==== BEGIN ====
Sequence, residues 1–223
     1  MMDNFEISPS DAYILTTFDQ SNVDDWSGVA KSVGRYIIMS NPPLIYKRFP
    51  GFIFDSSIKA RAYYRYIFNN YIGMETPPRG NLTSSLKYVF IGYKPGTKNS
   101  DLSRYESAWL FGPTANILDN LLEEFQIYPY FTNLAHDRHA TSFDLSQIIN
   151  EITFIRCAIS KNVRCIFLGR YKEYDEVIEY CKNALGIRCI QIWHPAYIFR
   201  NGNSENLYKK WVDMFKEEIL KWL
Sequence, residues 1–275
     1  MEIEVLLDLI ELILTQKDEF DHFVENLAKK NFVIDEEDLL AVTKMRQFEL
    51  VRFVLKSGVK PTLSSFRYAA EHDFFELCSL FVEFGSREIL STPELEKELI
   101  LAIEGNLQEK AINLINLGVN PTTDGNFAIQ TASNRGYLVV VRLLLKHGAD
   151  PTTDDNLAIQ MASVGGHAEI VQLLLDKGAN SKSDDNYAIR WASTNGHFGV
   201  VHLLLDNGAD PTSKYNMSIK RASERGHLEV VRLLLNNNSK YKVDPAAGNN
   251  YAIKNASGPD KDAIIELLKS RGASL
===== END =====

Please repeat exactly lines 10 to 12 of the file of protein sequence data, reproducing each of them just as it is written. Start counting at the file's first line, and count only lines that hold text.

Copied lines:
   101  LAIEGNLQEK AINLINLGVN PTTDGNFAIQ TASNRGYLVV VRLLLKHGAD
   151  PTTDDNLAIQ MASVGGHAEI VQLLLDKGAN SKSDDNYAIR WASTNGHFGV
   201  VHLLLDNGAD PTSKYNMSIK RASERGHLEV VRLLLNNNSK YKVDPAAGNN